Robert Hawker's Poor Man's Morning Portions

July 19—Morning Devotion

“Without me ye can do nothing.”—John 15:5 

Dearest Jesus, I know this in theory, from thy gracious teachings, as well as I know that I am by nature a sinner; but I am for ever failing in this knowledge, when I come to put it into practice. Teach me, Lord, how to preserve the constant remembrance of it upon my mind, that I may never go forth to the holy warfare to subdue a single foe but in thy strength, and never make mention of any thing but thy righteousness, and thine only. Be convinced, my soul, every day, more and more, of this most precious truth, and behold it proved from all the circumstances around thee. See and remark the total inability either of God’s judgments or God’s mercies to induce the least alteration upon the heart of man, without his grace. Behold the prosperous sinner bathing in a full river of blessings, himself in health, his circumstances flourishing, his children like olive-branches round his table, wealth pouring in upon him from every quarter; and yet he lives without God, and without Christ in the world; and as he lives, so he dies, in the vanity of his mind. See him amidst distinguishing preservations, in battles by sea or land, still preserved, while floating carcasses, or opened graves, are all around him: do these things bring his heart to God? Not in the least. The sum total of his character may be comprised in a few words; “neither God is not in all his thoughts.” Look at him in the opposite side of the representation; let such an one be visited with chastisements, in his own person sickness, in his family misery, in his substance want; in short, in all that concerns him, a life of sorrow, care, anxiety, disappointment, ruin. Perhaps to all these, a body long the dwelling-place of some loathsome disease, under which he groans, and at length dies, and dies the same unawakened sinner as he had lived. And suppose these accumulated evils had been distinguished also with some more peculiar maladies, in perils in the sea, in perils in the war, in perils among men; nay, let him be maimed in his limbs, let him be rotting in a prison, let him be worn out with misery from evil upon evil, tike waves of the sea following each other; yet still he continues the hardened, unsubdued sinner under all, and as unconscious of God’s rods as the prosperous sinner before described is of God’s blessings. Are these things so, my soul, and hast thou seen them? Yes, in numberless instances. Oh then, learn, that without Jesus thou canst do nothing. Outward circumstances, unaccompanied with inward grace, leave men just where they found them; and plain it is, that grace alone can change the heart. Lord Jesus, let these loud and crying truths, day by day lead my soul to thee! Be thou all in ‘all, my hope, my guide, my strength, my portion; for “without thee I can do nothing.”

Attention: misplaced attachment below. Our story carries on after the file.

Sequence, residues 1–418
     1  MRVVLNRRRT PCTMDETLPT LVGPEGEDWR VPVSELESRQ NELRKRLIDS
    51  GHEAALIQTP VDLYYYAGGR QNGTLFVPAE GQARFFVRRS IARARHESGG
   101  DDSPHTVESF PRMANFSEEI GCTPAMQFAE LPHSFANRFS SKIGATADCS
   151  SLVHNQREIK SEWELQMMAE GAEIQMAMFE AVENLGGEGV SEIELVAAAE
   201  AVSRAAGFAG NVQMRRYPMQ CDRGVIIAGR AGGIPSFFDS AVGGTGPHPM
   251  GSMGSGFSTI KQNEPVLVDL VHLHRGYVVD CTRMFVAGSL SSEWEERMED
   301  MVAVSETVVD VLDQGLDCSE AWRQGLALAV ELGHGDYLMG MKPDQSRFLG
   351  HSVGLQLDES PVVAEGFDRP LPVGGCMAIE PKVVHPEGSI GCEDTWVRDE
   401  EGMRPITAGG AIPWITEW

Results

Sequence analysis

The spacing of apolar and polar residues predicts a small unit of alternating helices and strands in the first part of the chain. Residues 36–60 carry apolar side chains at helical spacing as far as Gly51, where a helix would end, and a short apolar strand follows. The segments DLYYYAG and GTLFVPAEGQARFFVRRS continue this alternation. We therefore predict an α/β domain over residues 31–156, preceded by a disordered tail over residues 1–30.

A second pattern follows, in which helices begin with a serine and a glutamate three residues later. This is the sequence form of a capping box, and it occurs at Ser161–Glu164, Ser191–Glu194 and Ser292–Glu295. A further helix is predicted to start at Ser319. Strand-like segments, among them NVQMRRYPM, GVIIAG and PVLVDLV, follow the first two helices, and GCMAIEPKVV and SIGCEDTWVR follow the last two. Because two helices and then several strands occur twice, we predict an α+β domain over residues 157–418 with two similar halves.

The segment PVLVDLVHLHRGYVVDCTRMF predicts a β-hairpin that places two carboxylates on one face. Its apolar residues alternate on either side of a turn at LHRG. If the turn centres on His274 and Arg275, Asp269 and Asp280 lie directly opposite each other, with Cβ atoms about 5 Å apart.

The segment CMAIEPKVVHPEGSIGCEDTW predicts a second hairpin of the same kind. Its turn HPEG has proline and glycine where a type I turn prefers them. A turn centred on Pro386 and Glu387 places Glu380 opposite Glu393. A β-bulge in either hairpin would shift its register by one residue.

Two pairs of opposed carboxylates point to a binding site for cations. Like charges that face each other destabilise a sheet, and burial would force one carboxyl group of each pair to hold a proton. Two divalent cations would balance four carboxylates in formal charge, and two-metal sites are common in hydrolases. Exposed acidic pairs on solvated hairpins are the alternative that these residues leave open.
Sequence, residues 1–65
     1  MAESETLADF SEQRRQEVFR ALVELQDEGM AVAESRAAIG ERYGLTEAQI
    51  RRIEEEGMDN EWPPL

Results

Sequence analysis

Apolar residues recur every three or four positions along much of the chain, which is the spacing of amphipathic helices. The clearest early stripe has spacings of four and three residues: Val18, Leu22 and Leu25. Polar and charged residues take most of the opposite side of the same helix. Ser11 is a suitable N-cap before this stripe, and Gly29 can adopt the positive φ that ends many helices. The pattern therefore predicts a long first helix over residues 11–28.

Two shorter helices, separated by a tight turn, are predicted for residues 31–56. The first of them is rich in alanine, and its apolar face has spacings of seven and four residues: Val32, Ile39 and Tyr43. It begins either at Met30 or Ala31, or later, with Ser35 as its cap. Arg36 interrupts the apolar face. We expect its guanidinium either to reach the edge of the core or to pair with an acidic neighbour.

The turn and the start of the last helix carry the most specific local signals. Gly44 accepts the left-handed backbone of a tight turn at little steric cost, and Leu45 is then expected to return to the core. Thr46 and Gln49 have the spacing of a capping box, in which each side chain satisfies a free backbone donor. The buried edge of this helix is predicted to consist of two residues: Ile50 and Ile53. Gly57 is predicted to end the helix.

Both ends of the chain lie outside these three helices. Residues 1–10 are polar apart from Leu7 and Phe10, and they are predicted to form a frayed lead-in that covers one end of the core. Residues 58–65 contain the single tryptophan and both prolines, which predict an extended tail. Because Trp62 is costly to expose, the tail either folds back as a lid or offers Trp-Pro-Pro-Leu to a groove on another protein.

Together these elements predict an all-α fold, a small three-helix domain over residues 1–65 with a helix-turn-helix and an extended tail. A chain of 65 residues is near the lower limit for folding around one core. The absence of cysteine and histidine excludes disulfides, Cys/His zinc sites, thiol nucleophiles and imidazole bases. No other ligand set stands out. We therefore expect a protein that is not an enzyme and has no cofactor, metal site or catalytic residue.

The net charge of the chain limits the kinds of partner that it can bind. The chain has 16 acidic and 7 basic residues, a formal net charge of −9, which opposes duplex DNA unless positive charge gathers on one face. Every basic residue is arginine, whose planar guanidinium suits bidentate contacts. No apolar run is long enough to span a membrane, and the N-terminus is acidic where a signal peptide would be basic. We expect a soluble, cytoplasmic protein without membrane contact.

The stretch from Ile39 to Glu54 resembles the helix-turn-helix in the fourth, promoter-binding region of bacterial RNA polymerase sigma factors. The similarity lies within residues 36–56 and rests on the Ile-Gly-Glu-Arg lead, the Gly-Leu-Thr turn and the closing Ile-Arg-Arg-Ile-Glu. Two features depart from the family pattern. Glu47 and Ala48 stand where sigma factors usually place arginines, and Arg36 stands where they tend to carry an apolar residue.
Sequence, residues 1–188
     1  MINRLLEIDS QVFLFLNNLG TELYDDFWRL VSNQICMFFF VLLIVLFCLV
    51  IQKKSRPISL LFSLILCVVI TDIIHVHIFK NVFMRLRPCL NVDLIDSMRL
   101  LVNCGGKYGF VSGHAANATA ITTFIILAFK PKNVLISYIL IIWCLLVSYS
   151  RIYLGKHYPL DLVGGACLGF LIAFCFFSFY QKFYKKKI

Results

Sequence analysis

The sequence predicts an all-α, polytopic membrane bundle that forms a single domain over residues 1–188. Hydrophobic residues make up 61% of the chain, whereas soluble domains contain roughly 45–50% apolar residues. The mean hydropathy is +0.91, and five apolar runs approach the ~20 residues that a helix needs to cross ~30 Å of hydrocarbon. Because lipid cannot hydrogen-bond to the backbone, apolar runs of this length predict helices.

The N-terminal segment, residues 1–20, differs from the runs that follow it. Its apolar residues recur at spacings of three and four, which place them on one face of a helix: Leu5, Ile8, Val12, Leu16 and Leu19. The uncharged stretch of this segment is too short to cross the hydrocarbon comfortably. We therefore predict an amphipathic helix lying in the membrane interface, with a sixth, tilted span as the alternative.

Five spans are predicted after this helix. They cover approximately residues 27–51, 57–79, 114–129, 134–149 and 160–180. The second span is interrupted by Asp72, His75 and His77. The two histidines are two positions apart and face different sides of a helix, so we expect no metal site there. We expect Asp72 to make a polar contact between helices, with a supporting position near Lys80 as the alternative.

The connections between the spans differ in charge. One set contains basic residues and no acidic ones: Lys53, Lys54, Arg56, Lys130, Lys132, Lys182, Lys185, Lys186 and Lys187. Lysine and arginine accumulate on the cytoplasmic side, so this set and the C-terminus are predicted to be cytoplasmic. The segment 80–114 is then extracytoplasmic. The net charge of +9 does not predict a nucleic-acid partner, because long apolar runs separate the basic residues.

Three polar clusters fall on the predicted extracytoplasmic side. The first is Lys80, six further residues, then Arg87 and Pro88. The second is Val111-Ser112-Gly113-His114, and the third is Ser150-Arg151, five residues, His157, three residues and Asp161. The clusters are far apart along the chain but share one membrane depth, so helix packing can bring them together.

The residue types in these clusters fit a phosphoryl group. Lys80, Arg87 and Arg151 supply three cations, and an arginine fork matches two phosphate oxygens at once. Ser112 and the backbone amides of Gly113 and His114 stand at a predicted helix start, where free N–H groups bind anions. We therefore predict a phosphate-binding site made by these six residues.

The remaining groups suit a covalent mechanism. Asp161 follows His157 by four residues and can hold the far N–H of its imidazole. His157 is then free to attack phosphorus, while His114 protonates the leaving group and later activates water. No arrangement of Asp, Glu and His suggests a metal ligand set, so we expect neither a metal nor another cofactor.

Robert Hawker (1753-1827) was an Anglican (High-Calvinist) preacher who served as Vicar of Charles Church, Plymouth. John Hazelton wrote of him:

“The prominent features…in Robert Hawker's testimony…was the Person of Christ….Dr. Hawker delighted to speak of his Lord as "My most glorious Christ.” What anxious heart but finds at times in the perusal of the doctor's writings a measure of relief, a softening, and a mellowing? an almost imperceptible yet secret and constraining power in leading out of self and off from the misery and bondage of the flesh into a contemplation of the Person and preciousness of Christ as "the chiefest among ten thousand and the altogether lovely." Christ and Him crucified was emphatically the burden of his song and the keynote of his ministry. He preached his last sermon in Charles Church on March 18th, 1827, and on April 6th he died, after being six years curate and forty-three years vicar of the parish. On the last day of his life he repeated a part of Ephesians 1, from the 6th to the 12th verses, and as he proceeded he enlarged on the verses, but dwelt more fully on these words: "To the praise of His glory Who first trusted in Christ." He paused and asked, "Who first trusted in Christ?" And then made this answer: "It was God the Father Who first trusted in Christ."

Robert Hawker on the Biblical Covenants (Complete)
Robert Hawker's Poor Man's Morning Portions